In November 2018, on the sidelines of the China International Import Expo in Shanghai, Alibaba CEO Daniel Zhang announced a plan to source $200 billion in overseas products over the next five years in response to Chinese consumers’ insatiable appetite for imported goods. The plan has since become known as Alibaba’s “grand import strategy” (Chinese link).
At the center of the strategy is Win-Chain, an Alibaba affiliate that is virtually unknown outside of China. At the end of 2018, Alibaba reorganized its online grocery businesses to make Win-Chain responsible for procurement across its entire fresh produce and food ecosystem, which includes Hema, T-Mall, RT-Mart and Eleme. The move was meant to leverage Win-Chain’s supply chain and data capabilities to make it a “global procurement hub,” which could eventually serve not only Alibaba but also third-party B2B customers.
Win-Chain is key to Alibaba’s vision to create a global food supply network. The company, whose English name appears to be a reference to building winning supply chains, originated as the procurement arm of Yiguo, one of China’s first online grocery platforms. Alibaba first invested in Yiguo in 2013, and again in 2018, leading a $300 million round that was said to be the largest-ever financing in the fresh produce sector.
At the CIIE, Win-Chain signed a historic $1.9 billion agreement to procure beef and pork from two international meat suppliers. Under the agreement, Brazil’s JBS Group and Danish Crown of Denmark will provide Win-Chain a guaranteed supply of beef and pork, while Alibaba will leverage its retail and logistics capabilities to market and distribute the products within China.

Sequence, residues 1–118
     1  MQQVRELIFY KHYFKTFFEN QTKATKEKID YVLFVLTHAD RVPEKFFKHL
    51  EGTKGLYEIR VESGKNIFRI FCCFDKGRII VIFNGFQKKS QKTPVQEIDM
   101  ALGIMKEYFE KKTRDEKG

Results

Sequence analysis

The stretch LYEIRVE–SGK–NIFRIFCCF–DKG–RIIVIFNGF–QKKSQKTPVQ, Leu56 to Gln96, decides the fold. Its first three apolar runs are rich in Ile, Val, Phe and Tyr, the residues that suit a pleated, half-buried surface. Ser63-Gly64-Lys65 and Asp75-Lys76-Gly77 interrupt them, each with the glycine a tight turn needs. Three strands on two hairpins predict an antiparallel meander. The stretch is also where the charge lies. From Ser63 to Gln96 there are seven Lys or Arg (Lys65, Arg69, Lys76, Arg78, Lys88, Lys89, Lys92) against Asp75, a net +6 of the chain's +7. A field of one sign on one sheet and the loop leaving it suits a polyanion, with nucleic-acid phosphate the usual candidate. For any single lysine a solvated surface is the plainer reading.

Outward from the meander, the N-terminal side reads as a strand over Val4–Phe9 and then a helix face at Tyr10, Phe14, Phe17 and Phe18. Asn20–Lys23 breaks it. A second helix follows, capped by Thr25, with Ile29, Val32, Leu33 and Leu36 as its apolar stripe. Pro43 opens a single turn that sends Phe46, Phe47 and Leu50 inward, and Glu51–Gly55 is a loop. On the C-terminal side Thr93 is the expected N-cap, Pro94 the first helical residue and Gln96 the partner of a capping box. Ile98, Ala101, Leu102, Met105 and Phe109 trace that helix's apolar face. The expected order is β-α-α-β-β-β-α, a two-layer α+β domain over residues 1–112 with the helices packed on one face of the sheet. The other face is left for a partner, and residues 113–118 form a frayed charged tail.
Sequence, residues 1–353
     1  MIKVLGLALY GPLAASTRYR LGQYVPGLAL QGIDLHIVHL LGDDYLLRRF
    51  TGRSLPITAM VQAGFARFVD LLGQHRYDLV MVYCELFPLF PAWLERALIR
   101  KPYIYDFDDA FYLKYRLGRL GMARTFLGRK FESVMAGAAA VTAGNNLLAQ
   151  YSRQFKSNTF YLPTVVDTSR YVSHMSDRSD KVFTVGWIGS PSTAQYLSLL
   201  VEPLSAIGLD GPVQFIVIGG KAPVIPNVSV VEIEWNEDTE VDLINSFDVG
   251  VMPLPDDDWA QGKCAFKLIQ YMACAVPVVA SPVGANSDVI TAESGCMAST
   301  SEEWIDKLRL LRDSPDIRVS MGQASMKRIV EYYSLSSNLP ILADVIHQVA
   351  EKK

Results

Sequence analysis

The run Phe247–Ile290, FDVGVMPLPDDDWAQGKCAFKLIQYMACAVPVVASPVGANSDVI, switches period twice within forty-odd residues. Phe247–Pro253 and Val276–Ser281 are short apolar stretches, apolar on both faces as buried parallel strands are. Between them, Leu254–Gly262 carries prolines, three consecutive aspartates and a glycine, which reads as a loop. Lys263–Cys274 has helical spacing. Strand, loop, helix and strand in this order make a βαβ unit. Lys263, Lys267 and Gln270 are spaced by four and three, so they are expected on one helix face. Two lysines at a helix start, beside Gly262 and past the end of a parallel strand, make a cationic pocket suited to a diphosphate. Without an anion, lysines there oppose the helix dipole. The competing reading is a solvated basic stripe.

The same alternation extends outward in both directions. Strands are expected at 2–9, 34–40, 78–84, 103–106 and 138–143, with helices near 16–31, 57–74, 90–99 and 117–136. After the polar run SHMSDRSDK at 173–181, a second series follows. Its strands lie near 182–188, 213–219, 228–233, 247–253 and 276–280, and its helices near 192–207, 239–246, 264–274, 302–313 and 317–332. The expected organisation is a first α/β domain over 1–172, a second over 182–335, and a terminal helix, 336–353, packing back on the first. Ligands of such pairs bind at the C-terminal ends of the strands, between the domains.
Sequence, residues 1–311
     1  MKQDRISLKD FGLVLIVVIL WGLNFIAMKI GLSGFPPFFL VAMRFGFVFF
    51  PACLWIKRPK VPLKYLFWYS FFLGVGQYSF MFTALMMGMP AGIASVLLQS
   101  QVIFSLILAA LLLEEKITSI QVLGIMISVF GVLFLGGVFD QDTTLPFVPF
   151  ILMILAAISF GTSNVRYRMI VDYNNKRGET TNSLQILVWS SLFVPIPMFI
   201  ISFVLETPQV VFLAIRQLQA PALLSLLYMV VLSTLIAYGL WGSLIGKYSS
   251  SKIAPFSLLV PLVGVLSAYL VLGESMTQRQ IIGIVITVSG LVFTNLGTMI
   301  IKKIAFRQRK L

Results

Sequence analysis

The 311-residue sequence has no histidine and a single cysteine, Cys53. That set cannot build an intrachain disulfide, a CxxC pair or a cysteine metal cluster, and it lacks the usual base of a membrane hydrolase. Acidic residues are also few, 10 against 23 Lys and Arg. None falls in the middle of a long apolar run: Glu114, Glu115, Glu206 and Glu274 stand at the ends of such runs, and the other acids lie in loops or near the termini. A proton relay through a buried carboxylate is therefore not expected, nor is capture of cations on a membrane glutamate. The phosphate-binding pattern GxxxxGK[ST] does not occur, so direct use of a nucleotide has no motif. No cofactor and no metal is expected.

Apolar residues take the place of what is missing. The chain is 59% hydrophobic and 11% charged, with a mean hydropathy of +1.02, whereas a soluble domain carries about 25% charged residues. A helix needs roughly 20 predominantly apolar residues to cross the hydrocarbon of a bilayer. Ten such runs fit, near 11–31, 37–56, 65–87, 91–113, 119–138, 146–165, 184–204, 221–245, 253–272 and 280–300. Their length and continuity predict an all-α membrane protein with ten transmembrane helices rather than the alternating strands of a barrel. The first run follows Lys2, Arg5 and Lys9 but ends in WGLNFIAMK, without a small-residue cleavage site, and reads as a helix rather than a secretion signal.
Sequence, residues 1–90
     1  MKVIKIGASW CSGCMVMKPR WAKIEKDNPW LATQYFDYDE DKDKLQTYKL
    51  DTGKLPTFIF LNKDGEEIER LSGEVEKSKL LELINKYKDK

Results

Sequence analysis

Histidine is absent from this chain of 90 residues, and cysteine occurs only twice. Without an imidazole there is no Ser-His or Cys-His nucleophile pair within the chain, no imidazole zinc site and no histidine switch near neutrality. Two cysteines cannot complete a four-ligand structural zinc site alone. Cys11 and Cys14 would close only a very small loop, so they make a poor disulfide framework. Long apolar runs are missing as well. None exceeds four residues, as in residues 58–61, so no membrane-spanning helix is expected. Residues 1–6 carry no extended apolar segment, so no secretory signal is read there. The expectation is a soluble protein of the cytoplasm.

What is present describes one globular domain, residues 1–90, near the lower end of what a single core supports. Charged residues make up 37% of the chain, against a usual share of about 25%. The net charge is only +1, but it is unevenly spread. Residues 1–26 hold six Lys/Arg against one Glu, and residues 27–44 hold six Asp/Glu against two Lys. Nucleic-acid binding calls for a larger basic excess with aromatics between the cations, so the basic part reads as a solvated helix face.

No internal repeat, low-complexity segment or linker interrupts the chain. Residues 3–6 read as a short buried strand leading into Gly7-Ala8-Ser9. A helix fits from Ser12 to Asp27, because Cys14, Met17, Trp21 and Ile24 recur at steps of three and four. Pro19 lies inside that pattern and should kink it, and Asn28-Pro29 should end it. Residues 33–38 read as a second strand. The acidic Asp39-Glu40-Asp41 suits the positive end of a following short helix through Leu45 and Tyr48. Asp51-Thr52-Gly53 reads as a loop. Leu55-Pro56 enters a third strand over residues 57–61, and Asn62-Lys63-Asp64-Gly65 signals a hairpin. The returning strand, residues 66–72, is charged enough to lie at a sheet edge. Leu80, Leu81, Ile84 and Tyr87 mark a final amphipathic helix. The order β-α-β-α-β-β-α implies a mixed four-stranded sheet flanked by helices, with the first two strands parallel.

According to (Chinese link) founder and chairman Jin Guanglei, Win-Chain will implement a “40+50+100” plan over the next five years—signing supply agreements with 40 countries, 50 regions and 100 companies globally. In addition to deals with JBS and Danish Crown, Win-Chain has also signed agreements with Camposol, one of Peru’s largest producers of berries and avocados; Marine Harvest, Norway’s largest salmon producer; Thai Union, a Southeast Asian seafood supplier; and Cargill, an American multinational and chicken supplier (disclosure: one of the co-authors of this article is employed by Cargill).